In the 786-O study, immediately following the second administration of IV docetaxel, (5 mg/kg), one animal stopped breathing and expired while under anesthesia. The next animal administered IV docetaxel had a temporary loss of respiration and slower than normal recovery from anesthesia. Due to these signs of toxicity, the third animal in the cohort was not administered a second cycle of IV docetaxel and, at the third cycle, the dose was reduced to 2.5 mg/kg for the two remaining animals. A single animal in the 786-O xenograft study that received 3× IT NanoDoce® exhibited hindlimb weakness and limited mobility after treatment cessation. The animal was treated per veterinary recommendations and the weakness stabilized sufficiently to remain in the study.
Mean body weight values are presented in Figure 2. Body weights among all rats with 786-O xenografts were similar, with two exceptions. The 3× IT NanoDoce® group exhibited a lower mean body weight 4 to 18 days after treatment cessation. This was largely affected by a single animal that exhibited weight loss >20% and was euthanized 18 days after final treatment. An animal treated with 2× IT NanoDoce® was euthanized 16 days after treatment initiation due to weight loss >20%. In the UM-UC-3 study, IT vehicle treated animals were available for body weight evaluation through Day 35 after which >50% of the animals in the cohort were euthanized for reaching study endpoint (TV > 3000 mm3). Animals implanted with UM-UC-3 tumors and treated with IV docetaxel or 3× IT NanoDoce® exhibited mean weight loss which reversed after cessation of treatment (Figure 2). In the PC-3 study the IV docetaxel group also showed mean weight loss (Figure 2).

2.3. Survival

In the 786-O study, one animal in the IV docetaxel group died following drug administration. Early euthanasia due to weight loss occurred in one animal in each the 2× and 3× IT NanoDoce® groups on Days 16 and 39, respectively. Two animals in the 3× IT NanoDoce® group were euthanized at Day 50 due to tumor site ulcerations. In the UM-UC-3 study vehicle control animals survived to Day 52, significantly less (p < 0.001; Kaplan-Meier method with Gehan-Breslow post-hoc analysis) than all other groups who survived to study end (Day 61), with the exception of one each from the IV docetaxel and 1× IT NanoDoce® groups who were euthanized early due to tumor growth. In the PC-3 study, only one vehicle-treated animal and all animals treated with IV docetaxel or IT NanoDoce® survived to study end (Day 86).

2.4. Docetaxel Concentration in Tumor Tissues

Thirty-eight days following the last administration of IV docetaxel, neither of the 786-O xenografts harvested had detectable (LOQ = 1.00 ng/g) docetaxel. In contrast, docetaxel levels measured in tumors following IT NanoDoce® were high (up to 5.26 mg/g). Fifty days following 1× IT NanoDoce® administration all samples had detectable docetaxel ranging from 659 ng/g to 144 μg/g. Forty-three days after 2× IT NanoDoce®, docetaxel levels were 2.49 and 5.26 mg/g. Tumors treated with 3× IT NanoDoce® were not analyzed.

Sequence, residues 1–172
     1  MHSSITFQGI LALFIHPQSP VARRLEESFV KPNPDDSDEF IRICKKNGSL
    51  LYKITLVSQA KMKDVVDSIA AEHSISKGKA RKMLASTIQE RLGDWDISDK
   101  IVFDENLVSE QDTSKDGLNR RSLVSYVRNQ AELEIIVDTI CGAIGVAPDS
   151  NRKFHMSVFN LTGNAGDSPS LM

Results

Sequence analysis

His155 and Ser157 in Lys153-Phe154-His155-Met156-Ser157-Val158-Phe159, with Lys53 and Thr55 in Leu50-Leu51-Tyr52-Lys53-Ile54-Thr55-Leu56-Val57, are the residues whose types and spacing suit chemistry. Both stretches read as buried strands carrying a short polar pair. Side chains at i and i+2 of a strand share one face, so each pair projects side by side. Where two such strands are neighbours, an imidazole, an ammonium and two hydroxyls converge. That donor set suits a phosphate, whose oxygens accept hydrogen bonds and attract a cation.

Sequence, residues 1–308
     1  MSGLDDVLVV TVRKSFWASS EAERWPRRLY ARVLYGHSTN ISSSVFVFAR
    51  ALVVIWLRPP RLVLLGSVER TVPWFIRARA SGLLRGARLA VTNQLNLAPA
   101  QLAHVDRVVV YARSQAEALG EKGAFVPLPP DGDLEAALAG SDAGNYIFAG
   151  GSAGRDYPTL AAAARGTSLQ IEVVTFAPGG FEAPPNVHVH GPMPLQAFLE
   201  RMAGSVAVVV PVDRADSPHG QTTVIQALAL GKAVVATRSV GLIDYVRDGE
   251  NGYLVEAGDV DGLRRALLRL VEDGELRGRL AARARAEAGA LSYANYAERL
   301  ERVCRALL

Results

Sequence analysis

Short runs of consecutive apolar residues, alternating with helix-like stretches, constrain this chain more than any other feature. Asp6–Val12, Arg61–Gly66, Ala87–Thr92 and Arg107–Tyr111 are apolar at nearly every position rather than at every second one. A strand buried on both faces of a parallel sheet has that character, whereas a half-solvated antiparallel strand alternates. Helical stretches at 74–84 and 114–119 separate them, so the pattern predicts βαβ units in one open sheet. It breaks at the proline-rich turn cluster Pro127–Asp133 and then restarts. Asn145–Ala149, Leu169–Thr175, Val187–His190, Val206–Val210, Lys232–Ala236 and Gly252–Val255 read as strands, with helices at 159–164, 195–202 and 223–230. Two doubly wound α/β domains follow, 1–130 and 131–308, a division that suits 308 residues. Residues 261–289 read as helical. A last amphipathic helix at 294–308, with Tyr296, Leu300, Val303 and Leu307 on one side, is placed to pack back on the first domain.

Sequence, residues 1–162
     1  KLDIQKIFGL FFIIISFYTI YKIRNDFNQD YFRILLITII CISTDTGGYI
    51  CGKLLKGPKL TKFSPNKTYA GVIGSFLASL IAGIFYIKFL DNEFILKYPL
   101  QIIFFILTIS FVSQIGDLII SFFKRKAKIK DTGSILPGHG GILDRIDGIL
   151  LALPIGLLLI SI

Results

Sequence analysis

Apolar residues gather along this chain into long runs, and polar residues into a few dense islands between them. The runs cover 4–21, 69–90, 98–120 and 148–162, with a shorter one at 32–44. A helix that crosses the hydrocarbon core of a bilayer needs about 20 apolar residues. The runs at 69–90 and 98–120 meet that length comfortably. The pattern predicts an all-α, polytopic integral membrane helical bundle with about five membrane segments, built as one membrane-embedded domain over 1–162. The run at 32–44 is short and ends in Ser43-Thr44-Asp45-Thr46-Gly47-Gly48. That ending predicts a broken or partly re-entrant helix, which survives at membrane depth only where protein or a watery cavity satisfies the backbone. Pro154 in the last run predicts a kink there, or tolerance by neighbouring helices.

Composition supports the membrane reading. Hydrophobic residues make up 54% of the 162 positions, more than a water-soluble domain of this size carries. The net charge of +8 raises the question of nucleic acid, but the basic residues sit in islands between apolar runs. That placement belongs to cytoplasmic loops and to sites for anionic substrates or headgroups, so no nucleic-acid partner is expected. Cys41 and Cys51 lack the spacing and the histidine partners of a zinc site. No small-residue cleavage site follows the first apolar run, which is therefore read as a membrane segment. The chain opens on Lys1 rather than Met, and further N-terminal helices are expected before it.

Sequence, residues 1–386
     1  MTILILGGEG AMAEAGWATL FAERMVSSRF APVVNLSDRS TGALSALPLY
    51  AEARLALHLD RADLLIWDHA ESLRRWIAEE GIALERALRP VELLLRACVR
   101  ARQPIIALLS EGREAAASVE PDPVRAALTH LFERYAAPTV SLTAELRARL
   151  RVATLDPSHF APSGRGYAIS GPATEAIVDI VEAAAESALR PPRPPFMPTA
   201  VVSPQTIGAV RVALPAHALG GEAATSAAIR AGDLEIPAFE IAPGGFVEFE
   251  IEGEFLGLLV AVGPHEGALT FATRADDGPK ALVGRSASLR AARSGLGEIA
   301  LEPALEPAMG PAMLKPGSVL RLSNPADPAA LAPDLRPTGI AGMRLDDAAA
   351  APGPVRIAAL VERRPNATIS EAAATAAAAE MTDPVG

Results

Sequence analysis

Forty-four days after IV docetaxel, one of seven UM-UC-3 tumors had detectable docetaxel (5.10 ng/g). In contrast, docetaxel levels measured in tumors following IT NanoDoce® treatment were high (up to 6.70 mg/g). Forty-four days after 1× IT NanoDoce®, 10 of 10 tumors had docetaxel levels ranging from 154 ng/g to 2.14 mg/g. Thirty-seven days after 2× IT NanoDoce®, five of five tumors had docetaxel concentrations ranging from 285 ng/g to 873 µg/g. Thirty days after the 3× IT NanoDoce®, five of five tumors had docetaxel concentrations ranging from 373 µg/g to 6.70 mg/g.

2.5. Histopathology

2.5.1. Renal Cell Carcinoma Xenograft

Evaluation of histopathology of tumor-site tissues from two untreated animals in the 786-O study revealed a dense nodule of invasive carcinoma (Figure 3A). Scattered discrete foci of coagulative tumor cell necrosis were present (<5% of tumor area; Figure 3B). A representative mitotic count performed on one of the animals in this group, shown in Figure 3C, had 13 mitoses per 10 high power fields (400×).
IHC staining for pan-cytokeratin was sensitive and specific (Figure 3D). There was neither overt tumor regression nor significant intratumoral lymphoid infiltrate noted in the untreated animals. Anti-CD68 showed a mild macrophage infiltrate within and around the tumor with increased density within foci of tumor necrosis, consistent with increased macrophages in areas containing necrotic cellular debris (Figure 3E). Anti-CD11b (macrophage, DC and NK cells) highlighted mild immune-cell infiltrate in the surrounding non-neoplastic stroma with no staining in the tumor (Table S1; Figure 3F). The tumor tissues from IT vehicle- or IV docetaxel-treated animals demonstrated morphologic and IHC appearances that were essentially identical to untreated controls. Maximum tumor dimensions for untreated, vehicle or IV docetaxel-treated animals ranged from 9–15 mm.